It does seem like Intuit has pretty much flipped off the mac users over the last several years. I use their web-based online payroll and that is really well done, with excellent customer service. Clearly their focus is not on the mac market.

    Edit: I was surprised to see the comment above from DennisSGMM, which seemed kind of like a cheap shot (out of character) and I thought your response was good.

  77. 77
    Scout211 says:

    @WaterGirl:

    I have been browsing all the mac forums and reading the user reviews before and after Lion upgrades. The top choices are iBank and Moneydance with strengths and weaknesses for both.

    iBank migrated all my Quicken files perfectly from Quicken 2007.

    iBank did warn that it could not migrate your files if you are using the new version of Quicken (Essentials) though. (Most mac users have panned that version and have stayed with earlier versions).

    I think I remember reading that Moneydance will transfer your Quicken Essentials files but I’m not sure.

    iBank can be purchased through the app store on your mac.

    Or you can go to the iBank site and download it (or download a free trial).

  78. 78
    Brachiator says:

    @Martin:

    Sure, some of the components come from Japan and Korea and Taiwan

    It’s clearly more than some, and some events, such as the past earthquake in Japan, can have a significant impact on manufacturing and assembly. Proximity of suppliers confers additional advantages. Still, it is important, and more accurate, to note that it is not just a matter of all the suppliers being in China, as you implied earlier.

    But more importantly, there’s the ability to get a production line up and running quickly. The equipment used on the line is already in China, and the expertise to handle the assembly rampup, quality control, etc. Hell, in many cases the factory is already built, waiting for someone to move in. In the US, you have to assemble that stuff.

    Cheap labor appears to trump other costs.

    Foxconn wants to open a factory in Brazil to make Apple products, the South American country’s government said Tuesday. The move would likely mean cheaper goods for local buyers.
    __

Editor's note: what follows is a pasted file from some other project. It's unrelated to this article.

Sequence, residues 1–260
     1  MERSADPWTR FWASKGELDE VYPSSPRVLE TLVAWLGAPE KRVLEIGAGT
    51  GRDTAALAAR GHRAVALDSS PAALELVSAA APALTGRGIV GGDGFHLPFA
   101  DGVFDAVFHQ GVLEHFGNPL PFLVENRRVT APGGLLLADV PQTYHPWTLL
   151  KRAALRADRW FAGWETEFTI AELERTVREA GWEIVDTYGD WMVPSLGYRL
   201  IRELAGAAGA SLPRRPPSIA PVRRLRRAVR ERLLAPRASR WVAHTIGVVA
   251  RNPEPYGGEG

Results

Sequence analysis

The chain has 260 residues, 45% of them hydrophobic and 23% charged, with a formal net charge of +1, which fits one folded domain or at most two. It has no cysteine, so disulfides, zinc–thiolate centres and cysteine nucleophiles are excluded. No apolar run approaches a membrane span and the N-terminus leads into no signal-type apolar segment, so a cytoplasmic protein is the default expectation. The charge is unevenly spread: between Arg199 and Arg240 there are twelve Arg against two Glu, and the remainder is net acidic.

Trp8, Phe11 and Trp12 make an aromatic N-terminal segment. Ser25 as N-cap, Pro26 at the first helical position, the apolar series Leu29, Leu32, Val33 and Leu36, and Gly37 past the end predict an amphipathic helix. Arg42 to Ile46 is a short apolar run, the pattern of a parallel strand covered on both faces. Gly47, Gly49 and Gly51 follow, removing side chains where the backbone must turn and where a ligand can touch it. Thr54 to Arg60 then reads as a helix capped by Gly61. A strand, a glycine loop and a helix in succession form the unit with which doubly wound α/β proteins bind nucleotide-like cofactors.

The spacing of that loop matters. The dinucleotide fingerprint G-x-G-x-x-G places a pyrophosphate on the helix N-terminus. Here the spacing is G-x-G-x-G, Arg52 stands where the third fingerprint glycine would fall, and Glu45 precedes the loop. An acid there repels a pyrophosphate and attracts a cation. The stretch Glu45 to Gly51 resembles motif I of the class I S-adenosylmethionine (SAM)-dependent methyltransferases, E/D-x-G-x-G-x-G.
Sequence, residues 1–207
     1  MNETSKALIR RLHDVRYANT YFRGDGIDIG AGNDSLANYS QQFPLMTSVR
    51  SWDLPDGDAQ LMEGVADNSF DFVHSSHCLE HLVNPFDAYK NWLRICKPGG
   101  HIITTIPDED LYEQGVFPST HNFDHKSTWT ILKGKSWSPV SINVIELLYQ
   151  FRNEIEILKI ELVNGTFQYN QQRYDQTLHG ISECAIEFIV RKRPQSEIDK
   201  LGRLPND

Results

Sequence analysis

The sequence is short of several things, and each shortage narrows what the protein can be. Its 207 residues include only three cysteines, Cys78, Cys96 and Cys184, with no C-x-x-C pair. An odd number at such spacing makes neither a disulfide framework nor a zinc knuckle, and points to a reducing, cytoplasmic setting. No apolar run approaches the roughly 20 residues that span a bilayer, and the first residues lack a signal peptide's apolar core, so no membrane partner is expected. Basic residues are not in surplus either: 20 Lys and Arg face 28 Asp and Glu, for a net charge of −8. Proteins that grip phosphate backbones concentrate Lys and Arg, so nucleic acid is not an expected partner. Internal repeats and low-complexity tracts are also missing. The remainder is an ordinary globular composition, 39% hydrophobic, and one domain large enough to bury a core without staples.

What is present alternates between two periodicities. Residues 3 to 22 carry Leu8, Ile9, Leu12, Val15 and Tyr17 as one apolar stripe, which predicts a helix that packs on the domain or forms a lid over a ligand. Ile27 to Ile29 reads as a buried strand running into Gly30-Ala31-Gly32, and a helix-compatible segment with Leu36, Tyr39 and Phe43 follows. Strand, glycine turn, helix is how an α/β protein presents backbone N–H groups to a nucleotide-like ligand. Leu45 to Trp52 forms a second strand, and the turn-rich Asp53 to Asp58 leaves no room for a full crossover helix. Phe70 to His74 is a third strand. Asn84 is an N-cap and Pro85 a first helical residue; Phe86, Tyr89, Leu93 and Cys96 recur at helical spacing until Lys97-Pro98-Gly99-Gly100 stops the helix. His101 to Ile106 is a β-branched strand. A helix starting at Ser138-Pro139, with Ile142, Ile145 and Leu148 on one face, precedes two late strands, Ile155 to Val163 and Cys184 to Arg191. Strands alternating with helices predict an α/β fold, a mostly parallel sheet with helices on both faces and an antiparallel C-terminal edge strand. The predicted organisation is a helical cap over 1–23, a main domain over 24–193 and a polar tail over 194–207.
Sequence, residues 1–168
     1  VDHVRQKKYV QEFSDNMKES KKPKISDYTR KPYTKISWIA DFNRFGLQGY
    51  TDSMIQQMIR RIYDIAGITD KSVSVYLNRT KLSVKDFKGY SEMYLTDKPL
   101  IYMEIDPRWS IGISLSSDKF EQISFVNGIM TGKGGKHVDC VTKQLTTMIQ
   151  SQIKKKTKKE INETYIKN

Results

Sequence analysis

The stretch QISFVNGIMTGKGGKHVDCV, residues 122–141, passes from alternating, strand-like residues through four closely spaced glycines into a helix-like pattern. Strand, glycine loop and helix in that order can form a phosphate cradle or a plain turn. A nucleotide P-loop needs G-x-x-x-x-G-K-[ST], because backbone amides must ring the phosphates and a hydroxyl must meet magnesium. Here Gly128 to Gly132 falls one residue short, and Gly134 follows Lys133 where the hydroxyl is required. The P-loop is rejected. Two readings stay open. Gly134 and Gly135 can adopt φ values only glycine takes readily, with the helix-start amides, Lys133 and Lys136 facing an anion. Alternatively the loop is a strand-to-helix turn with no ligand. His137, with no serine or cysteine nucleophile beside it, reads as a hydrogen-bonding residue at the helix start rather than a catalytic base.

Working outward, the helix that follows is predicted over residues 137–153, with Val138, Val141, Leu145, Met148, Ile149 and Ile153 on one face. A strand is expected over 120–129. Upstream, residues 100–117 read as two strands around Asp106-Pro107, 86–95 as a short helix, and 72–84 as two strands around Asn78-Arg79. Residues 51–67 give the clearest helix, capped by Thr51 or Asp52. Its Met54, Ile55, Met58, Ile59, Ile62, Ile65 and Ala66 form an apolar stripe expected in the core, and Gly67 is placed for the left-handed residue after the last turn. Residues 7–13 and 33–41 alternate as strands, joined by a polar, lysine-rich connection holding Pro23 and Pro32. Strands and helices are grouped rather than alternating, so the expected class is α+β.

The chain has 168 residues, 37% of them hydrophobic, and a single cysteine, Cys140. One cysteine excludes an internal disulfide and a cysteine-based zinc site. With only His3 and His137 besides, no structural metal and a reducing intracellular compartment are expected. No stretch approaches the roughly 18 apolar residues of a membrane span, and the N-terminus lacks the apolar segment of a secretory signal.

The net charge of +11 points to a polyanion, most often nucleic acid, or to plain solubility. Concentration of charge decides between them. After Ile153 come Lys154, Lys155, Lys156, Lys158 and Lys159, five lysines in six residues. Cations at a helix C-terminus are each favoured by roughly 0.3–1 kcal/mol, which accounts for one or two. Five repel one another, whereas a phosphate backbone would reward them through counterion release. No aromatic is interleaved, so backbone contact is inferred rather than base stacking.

The Taiwanese contract manufacturer’s planned plant will make digital displays, the Brazilian Ministry of Science and Technology said in a statement on Tuesday. It said Foxconn and the government had signed an agreement to explore the factory with an investment of US$12 billion [b] spent over five years.
    __
    Foxconn was less forthcoming about its plans, and declined to say what it plans to make at the factory, for whom, or on what scale. However, a company representative said on Thursday that the products would be for buyers in Brazil and possibly other countries in South America.

    And yet it appears to be cheaper for Apple to assemble products in China for the US market than it would be to have actual production facilities here.

    That’s why I used the bay area as an example. Apple, Google, HP, Cisco, you name it, they’re almost all in driving distance of each other. You need a pile of new software engineers? They’re all right there. They share ideas and build relations between companies.

    And yet, google engineers in Northern California regular work via conference call setups with google engineers in Santa Monica California and in Ireland (from personal observation).

    I agree with your point that China’s tremendous support for manufacturers confers a huge benefit, as does, presumably its central control of labor markets and wages. It’s ironic that what was originally promised to be a worker’s paradise is instead a Western capitalist’s paradise, as profits soar thanks to these restrictions on the market. It’s doubly ironic that the US government, both parties, have decided that access to inexpensively manufactured goods is more important than anything else.

    But it is not just that China changed the rules of the game or that we have to adapt. It’s the challenge of deciding how best to respond to the fact that US companies have decided that where possible, they will find ways to generate profits without the drag caused by those pesky US workers.

    By the way, I saw somewhere (can’t find a clean reference link) that Apple has enough cash hoarded to be able to pay a one-time dividend of $81 a share to every shareholder.

  79. 79
    Martin says:

    So do you use iBank or are you moving to iBank?

    I made a first run into iBank in the previous version (3.xx) and it just wasn’t up to it, but it was close and had a lot of potential. I test drove 4 soon after it came out and it looked like it was going to work, but I haven’t yet had time to transition. I’ll be working on it this weekend. If you see me on Monday, give a hollar and I’ll tell you how it went.